Coal has been the target of considerable acrimony from climate activists petitioning governments and energy providers to reduce their dependence on fossil fuels. The sedimentary rock even graced a front cover of The Economist in December of last year, posing inside an antiquated museum display case above the headline “Making Coal History” – the West seems eager to consign coal to this anachronistic status after decades of coal-powered energy consumption and it is understandable why, given today’s modern understanding of its side-effects. In 2019, coal accounted for 39% of carbon dioxide emissions, and its mines as well as by-product gases are heavily correlated with water supply pollution and acid rain. The reality, however, is that in Asia and Africa, coal is still being rapidly extracted and consumed. In addition, the British government controversially gave the go-ahead for the opening of a new coal mine in Cumbria at the start of this year and Joe Biden’s new climate policies are surprisingly pro-coal. At the current rate, countries are unlikely to achieve the Paris climate accord target of halving current coal production by 2030 and any magazine vision of a coal-free world remains very much fictional.
In recent months, there has been a steady trickle of mining companies divesting from their coal operations, citing newfound commitments to ‘going green’. The world’s largest miner, Australian conglomerate BHP, announced on 20th January that it plans to divest away from coal and focus on more environmentally friendly commodities such as copper and nickel. Meanwhile, rivals Vale and Anglo American are also quitting coal production and making strides towards reducing their carbon footprints. Vale is currently in the process of selling off its Mozambique-based coal operation as part of its strategy to meet a new target of carbon neutrality by 2050. Whilst these divestment projects sound munificent, they are in-fact likely to have a negative net impact on the environment, giving false optimism to the notion that global coal mining is decreasing. The coal mines are being sold to willing buyers who are most likely smaller companies domiciled in India and China that are not subject to the same scrutiny and regulation as global multinationals like BHP. Thus, the amount of coal being bought and sold remains unchanged, while mining, transportation, and selling standards are like to drop.
The International Energy Agency (IEA) states that in the US, UK and European Union, coal consumption fell by an average of 40% between 2010 and 2020. Today, records show that only 3% of British electricity is sourced from coal, down from 70% in 1990. In fact, Britain has planned to decommission all thermal coal plants by 2025. The headline-grabbing coal mine opened in Cumbria is for metallurgical coal, which serves as an important reducing agent in steel manufacturing and would likely have had to be imported from Australia or China if not mined locally. The real market for coal consumption lies in Asia, which purchases more than 75% of the world’s coal according to the IEA. China accounts for 50% of global coal demand, India for 15% while Japan, Korea, Taiwan and Southeast Asia combine for an additional 10%. Whilst coal consumption in developed countries has been driven down by a combination of market forces (lobbying for cleaner energy) and government subsidies driving down the cost of clean energy, these methods are unlikely to influence Chinese coal consumption. Although The Economist describes a burgeoning Chinese middle class that longs for cleaner air in urban areas, the Chinese economy is strictly regulated by the CCP, meaning the microeconomic demands of individuals have only a minimal impact on how the country’s energy is sourced. In fact, in 2020 China extracted 3.8 million tonnes of coal, their highest quantity since 2015, and the CCP approved 6 new mining projects.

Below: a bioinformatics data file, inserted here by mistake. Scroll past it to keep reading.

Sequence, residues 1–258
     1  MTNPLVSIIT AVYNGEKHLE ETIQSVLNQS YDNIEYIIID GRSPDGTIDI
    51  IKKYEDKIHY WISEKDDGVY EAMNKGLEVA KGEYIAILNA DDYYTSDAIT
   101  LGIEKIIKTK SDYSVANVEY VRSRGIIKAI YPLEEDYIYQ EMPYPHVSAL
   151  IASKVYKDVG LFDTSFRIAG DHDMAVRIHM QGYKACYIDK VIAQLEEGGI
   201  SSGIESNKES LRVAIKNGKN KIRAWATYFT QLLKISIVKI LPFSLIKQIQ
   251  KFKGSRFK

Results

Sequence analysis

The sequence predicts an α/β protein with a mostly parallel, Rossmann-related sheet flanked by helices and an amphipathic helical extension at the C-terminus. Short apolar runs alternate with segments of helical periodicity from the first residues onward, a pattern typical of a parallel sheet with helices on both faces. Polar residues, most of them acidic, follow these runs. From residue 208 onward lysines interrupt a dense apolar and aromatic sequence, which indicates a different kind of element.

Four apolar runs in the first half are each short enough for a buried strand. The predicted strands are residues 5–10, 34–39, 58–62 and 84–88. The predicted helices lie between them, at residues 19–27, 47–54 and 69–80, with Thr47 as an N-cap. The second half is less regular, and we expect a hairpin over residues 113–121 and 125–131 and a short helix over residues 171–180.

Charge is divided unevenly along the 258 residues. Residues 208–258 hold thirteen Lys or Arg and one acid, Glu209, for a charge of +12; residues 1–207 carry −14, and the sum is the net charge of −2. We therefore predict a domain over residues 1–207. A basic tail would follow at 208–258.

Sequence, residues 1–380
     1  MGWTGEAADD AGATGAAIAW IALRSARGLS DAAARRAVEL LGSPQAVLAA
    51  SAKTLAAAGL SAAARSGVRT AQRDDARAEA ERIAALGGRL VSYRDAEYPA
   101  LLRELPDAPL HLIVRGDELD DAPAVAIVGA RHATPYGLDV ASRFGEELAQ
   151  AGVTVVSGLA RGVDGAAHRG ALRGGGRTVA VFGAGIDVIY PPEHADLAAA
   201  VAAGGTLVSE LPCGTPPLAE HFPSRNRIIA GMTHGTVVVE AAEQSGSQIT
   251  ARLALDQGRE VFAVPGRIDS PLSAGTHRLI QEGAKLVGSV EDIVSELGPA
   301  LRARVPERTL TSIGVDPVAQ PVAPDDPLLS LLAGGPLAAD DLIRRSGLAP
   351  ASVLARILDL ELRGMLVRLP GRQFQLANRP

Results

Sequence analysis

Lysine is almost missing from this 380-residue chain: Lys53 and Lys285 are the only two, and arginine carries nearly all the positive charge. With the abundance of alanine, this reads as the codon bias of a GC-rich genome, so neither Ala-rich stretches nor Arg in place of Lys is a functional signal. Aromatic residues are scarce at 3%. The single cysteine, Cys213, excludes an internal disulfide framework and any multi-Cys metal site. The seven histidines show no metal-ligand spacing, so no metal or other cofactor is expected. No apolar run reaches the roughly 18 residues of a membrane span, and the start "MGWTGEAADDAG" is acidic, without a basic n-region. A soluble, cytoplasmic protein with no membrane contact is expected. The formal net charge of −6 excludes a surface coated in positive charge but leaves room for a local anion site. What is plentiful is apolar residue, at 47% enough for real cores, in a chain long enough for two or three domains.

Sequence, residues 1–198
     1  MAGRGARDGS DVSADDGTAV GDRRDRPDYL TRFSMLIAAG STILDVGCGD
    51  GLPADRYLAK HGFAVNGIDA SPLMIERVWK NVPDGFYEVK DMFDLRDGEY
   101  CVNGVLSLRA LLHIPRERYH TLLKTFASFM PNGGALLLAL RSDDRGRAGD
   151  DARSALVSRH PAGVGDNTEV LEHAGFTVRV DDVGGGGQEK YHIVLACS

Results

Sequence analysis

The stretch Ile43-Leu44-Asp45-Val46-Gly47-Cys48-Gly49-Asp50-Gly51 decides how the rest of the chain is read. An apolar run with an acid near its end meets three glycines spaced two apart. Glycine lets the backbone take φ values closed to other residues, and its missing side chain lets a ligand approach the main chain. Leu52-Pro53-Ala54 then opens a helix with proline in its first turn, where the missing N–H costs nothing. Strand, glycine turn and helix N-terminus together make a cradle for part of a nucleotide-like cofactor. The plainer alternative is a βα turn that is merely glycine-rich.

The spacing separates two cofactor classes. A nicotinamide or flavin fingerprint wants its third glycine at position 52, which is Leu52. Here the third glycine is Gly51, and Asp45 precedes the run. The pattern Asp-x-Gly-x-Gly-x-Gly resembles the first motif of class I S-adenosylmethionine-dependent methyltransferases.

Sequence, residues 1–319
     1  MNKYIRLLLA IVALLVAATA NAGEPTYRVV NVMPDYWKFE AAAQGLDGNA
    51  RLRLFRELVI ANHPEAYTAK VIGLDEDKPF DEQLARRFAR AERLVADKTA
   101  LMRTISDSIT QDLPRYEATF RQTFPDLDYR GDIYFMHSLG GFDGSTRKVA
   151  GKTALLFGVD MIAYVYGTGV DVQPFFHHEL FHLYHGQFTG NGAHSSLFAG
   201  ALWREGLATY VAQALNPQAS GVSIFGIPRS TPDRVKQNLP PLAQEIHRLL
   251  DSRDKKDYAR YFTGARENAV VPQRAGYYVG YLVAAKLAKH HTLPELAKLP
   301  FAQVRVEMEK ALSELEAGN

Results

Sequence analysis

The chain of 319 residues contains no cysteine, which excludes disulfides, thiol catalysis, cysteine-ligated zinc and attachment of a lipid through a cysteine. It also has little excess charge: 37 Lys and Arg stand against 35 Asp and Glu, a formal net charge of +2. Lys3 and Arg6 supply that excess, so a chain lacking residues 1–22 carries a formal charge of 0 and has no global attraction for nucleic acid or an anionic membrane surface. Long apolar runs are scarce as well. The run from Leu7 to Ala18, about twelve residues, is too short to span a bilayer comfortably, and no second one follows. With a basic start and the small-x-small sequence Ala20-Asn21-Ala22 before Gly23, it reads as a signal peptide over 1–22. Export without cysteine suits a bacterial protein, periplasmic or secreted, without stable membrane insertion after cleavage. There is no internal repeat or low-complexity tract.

Given these factors, it seems unlikely that coal is going to disappear as a source of energy in the near future. According to the IEA, the lifespan of a coal plant is 50 years, which means that in Asia where the average coal plant age is 12 years, the opportunity cost of ceasing to burn coal is much greater than in Europe and America, where the average coal plant is 43 years old. Furthermore, it is important to consider the energy needs of Africa, where the IEA reports 600 million people are still without access to electricity. A new machine learning research project from Oxford University predicts that total electricity generation in Africa will double by 2030, around two-thirds of which will come from fossil fuel sources. Although natural gas, a beneficiary of government policies aiming to reduce domestic coal usage, is expected to fuel Africa’s growing energy needs, poorer governments are likely to be re-considering their dependence on gas after a cold winter in Asia boosted its price by 1000% in the second half of 2020. As a mainly inelastic commodity, soaring demand created an enormous price hike. The poor performance of natural gas this winter bolsters the case for continued coal mining, especially in poorer countries for which environmental issues are of less pressing concern and where renewable technologies are not currently being deployed at sufficient scale.
Overall, even with reduced demand from Europe and the Americas, coal looks set for a steady phasing out, but not the abrupt halt environmentalists were hoping for. Global demand for coal peaked at 8 billion tonnes in 2013, and despite recent activity, it is now forecast to remain at 7.4 billion tonnes per year through to 2025. At the upcoming climate summit in London, Western countries looking to prevent a climate crisis must seek methods of cancelling planned fossil fuel plants and creating clean energy projects in poorer countries lacking the economic affluence to prioritise the environment over cost.
By Stan Clark
Sector Head: Edouard Nelson